Reforestation of Cocoa Growing Regions

Cocoa Pods and cocoa pulp

I don’t know whether you caught Sir David Attenborough’s Extinction: The Facts on Sunday evening, but as the title suggests it was quite a harrowing look at the state of the world’s environmental situation, with many species facing extinction, due to the strain mankind is placing on the natural resources of our beautiful planet.

Part of what I took from it was that along with Soy, Beef, Palm and Coffee, Cocoa was identified as being a contributor to the ongoing issue of deforestation around the world. For someone who is part of the cocoa industry, I felt it helpful to take a further look at where Choc Affair sources our cocoa from and the family-owned company behind it. 

In 2014, I had the privilege of travelling to Colombia to see behind the scenes of Luker Chocolate, and what I found was a company, founded on family values, intent on doing business in a way that recognised the value of both its employees and the environment.

Necocli Colombia.

Since 2011, Luker has been working to a strategy of planting on huge swathes of land showing how it is possible to have productive and profitable large scale cocoa plantation, whilst taking care of the countries natural resources. According to a study The Global Tree Restoration Potential published in The Science “Our study shows clearly that forest restoration is the best climate change solution available today,” said Tom Crowther, a researcher at ETH Zürich, and senior author of the study.

This strategy of reforesting the land is enabling the protection and return of species of animals and birds once thought lost and to date, Luker has improved the conservation and care of seven vulnerable species and are a signatory to the deforestation agreement Cocoa, Forest and Peace Initiative led by the World Cocoa Organisation to guarantee that they will not contribute to deforestation within Colombia in the future.

It was the first of these projects I visited during my trip – Necocli, an area of over 550 hectares of livestock rough land given to Luker by the government as a pilot. It was here, that the task of planting 600,000 new trees using an agroforestry model began.  This model is the simultaneous and integration of fruit trees, and timber yielding varieties, with agricultural crops (in this case cocoa) which allow greater yields and harvests of income-generating products at different stages, thus improving the farming communities ability to have a sustained level of income throughout the year, rather than relying on one or two successful cocoa harvests every 12 months. Agroforestry planting helps avoid the issue of soil erosion and prevents the loss of biodiversity. 

More traditional planting methods were to grow the beans in direct sunshine, clearing other trees and their canopies, so as not to compete with the cocoa trees for nutrients and sunlight within small scale farming communities – a practice historically requiring a lot of chemical fertilisers and pesticides – in turn degrading the quality of soil over time.

Agroforestry is not a new planting model but is common practice in coffee-growing regions and is proven to have clear benefits environmentally – with the shade canopy trees retaining a lot more capacity for carbon storage, which plays an important role in agroforestry ecosystems, thus benefiting the wider environment.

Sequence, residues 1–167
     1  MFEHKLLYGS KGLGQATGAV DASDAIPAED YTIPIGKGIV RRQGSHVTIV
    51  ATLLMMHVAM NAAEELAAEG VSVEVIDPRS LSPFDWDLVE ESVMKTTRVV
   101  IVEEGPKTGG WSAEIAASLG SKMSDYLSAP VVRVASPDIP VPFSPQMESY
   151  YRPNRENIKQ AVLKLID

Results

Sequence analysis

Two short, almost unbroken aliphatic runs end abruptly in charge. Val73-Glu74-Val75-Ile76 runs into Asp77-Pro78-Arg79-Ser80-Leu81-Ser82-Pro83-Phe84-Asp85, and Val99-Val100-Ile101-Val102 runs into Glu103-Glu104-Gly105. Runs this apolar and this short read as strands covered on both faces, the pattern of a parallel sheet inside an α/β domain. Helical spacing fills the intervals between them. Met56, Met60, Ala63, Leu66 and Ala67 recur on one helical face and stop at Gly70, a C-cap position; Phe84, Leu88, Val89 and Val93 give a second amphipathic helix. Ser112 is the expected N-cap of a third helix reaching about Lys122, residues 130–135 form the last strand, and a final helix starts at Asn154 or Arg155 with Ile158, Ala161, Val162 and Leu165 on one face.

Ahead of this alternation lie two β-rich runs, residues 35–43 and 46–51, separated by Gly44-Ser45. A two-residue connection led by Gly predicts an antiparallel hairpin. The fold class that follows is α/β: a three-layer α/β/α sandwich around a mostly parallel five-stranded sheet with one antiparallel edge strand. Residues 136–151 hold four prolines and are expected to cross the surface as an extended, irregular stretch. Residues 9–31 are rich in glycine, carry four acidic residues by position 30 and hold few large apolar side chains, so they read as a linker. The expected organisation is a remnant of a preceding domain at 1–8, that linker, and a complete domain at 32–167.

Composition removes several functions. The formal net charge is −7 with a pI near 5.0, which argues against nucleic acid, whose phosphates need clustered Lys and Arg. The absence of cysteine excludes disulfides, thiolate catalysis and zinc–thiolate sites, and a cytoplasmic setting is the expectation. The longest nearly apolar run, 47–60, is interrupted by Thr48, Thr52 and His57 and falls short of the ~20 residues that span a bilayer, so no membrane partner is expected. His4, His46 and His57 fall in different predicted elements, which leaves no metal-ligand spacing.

Necocli Agroforestry Model

In Necocli, as far as the eye could see there are cocoa trees, spectacular in scale, and when we walked through the plantation under the rich green canopies it was a sight to behold -the smaller cocoa trees sheltered by the larger spread of the Melina trees, to be harvested in years to come.

Building on the success of this pilot project, Luker have gone on to replicate the model in Casanare, with 1000 hectares of cocoa on what used to be a palm farm, and again just last year in Huila region, with a much smaller 45-hectare parcel of land.

Casanare Cocoa Seedlings Beneath The Palm

Research shows that these large scale cocoa plantations are the driving force behind rural development in Colombia and the vision of Luker is to help rural communities make the transition from illicit crop growing (coca) to the production of high yielding cocoa farms.

Evelio with his prized cocoa beans

Through a company-wide commitment to facilitate community engagement and social inclusion (especially critical in the areas of post-conflict), there is the opportunity to live a life not marred by the violence associated with growing crops for the drug gangs. This method of introducing large scale cocoa-growing within rural communities is transformational as families reap the benefits of a sustained income, training and improved educational facilities for the children and young people – the promise of hope and better future.

Don’t just take my word for it, give three minutes of your time now to watch this short clip to experience for yourself the magnitude of what I saw during my visit to Necocli. To date Luker Chocolate have replanted over 2 million trees and continue to reforest, ensuring a future for generations to come and we at Choc Affair support their community programmes with our financial investment through The Chocolate Dream – so you know when you enjoy our delicious chocolate, you too are making a choice that positively impacts future generations.


About Linda

Linda is the founder of Choc Affair, with a passion for creating wonderfully delicious chocolates, that are ethically made.